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Math Colloquium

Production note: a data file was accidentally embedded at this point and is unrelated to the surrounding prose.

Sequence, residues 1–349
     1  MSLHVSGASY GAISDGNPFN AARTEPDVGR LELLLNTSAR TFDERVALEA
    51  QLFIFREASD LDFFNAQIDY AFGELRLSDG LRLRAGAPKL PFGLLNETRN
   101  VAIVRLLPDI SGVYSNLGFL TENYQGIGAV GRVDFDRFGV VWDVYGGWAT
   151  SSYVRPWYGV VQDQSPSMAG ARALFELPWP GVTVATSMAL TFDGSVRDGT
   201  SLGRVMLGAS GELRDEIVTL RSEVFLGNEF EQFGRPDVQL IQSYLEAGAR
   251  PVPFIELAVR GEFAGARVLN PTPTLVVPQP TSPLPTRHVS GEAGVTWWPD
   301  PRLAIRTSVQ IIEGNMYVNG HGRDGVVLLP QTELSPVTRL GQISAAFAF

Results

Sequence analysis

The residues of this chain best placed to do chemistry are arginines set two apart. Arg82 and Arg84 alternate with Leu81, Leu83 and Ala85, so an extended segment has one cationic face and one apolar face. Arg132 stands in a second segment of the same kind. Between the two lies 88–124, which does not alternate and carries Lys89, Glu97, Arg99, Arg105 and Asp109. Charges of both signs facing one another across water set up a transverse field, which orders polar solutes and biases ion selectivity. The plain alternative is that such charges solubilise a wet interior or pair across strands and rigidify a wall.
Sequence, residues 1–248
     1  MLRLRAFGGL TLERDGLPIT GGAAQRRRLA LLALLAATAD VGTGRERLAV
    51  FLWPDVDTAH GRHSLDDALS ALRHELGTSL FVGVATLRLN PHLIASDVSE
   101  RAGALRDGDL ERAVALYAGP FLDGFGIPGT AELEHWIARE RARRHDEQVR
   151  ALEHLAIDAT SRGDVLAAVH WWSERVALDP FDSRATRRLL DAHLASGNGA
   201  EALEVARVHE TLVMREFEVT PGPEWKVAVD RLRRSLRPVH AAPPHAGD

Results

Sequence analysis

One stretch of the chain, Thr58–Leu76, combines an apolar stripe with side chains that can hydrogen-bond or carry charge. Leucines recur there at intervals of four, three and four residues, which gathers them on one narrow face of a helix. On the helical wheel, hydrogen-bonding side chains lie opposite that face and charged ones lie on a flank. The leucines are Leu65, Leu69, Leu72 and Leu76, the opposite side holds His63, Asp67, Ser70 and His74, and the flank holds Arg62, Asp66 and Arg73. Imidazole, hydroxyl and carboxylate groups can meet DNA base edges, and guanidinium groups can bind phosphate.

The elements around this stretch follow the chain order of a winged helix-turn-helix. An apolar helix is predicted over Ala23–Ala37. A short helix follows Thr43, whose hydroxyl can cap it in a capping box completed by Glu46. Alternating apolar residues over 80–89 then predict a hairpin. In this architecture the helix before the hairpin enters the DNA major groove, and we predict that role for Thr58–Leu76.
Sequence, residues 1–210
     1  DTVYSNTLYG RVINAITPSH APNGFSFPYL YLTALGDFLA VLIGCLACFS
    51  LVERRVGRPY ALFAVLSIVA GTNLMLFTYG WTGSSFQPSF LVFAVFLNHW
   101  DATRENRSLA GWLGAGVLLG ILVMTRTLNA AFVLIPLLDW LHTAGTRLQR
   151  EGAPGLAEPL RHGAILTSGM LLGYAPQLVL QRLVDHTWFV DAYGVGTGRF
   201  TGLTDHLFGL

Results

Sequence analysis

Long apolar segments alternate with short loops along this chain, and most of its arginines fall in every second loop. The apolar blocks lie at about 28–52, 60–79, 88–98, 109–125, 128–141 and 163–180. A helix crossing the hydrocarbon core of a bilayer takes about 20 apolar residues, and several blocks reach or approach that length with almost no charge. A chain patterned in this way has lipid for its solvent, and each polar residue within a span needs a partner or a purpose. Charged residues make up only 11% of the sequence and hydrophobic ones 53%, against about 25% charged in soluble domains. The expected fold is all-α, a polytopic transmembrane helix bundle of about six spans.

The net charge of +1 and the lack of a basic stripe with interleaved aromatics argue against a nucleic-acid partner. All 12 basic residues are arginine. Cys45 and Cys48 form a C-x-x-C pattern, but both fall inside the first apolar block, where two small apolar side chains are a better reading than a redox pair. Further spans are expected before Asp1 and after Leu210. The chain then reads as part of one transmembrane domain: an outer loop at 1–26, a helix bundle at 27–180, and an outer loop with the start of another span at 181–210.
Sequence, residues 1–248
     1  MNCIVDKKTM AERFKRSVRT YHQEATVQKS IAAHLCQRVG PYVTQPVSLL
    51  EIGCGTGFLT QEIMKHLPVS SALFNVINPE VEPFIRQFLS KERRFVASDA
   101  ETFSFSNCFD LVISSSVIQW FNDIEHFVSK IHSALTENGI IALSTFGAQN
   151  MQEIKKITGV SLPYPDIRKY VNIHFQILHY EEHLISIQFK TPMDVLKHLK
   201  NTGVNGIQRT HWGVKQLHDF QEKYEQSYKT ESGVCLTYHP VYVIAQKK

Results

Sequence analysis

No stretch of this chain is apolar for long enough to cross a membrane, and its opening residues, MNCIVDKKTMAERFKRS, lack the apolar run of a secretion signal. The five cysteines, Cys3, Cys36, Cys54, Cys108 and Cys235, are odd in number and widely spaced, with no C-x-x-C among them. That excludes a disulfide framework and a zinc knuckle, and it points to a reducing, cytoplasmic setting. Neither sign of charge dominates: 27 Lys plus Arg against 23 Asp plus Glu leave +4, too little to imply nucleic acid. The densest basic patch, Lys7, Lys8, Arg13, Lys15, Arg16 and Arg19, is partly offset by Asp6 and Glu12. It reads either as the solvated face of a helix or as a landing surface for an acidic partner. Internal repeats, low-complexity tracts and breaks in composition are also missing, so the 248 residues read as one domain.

Joel Spencer New York University Title: Finding Needles in Exponential Haystacks Abstract: We discuss two recent methods in which an object with a certain property is sought. In both, using of a straightforward random object would succeed with only exponentially small probability. The new randomized algorithms run efficiently and also give new proofs of the existence of the desired object. In both cases there is a potentially broad use of the methodology.(i) Consider an instance of K-SAT in which each clause overlaps (has a variable in common, regardless of the negation symbol) with at most $D$ others. Lovasz showed that when $eD \leq 2^K$ (regardless of the number of variables) the conjunction of the clauses was satisfiable. The new approach due to Moser is to start with a random true-false assignment. In a WHILE loop, if any clause is not satisfied we "fix it" by a random reassignment. The analysis of the algorithm (due to Don Knuth and others) is unusual, connecting the running of the algorithm with certain Tetris patterns, and leading to some algebraic combinatorics. [These results apply in a quite general setting with underlying independent "coin flips" and bad events (the clause not being satisfied) that depend on only a few of the coin flips.](ii) No Outliers. Given n vectors $r_j$ in $n$-space with all coefficients in $[-1,+1]$ one wants a vector $X=(x_1,...,x_n)$ with all $x_i=+1$ or $-1$ so that all dot products ($X \cdot r_j$) are at most $K \sqrt{n}$ in absolute value, $K$ an absolute constant. A random $X$ would make ($X \cdot r_j$) Gaussian but there would be outliers. The existence of such an $X$ was first shown by the speaker. The new approach, due to Lovett and Meka, is to begin with $X=(0,...,0)$ and let it float in kind of restricted Brownian Motion until all the coordinates hit the boundary. Date: Friday, April 12, 2013 Time: 4:30 pm Location: Wean Hall 7500 Submitted by: Loh |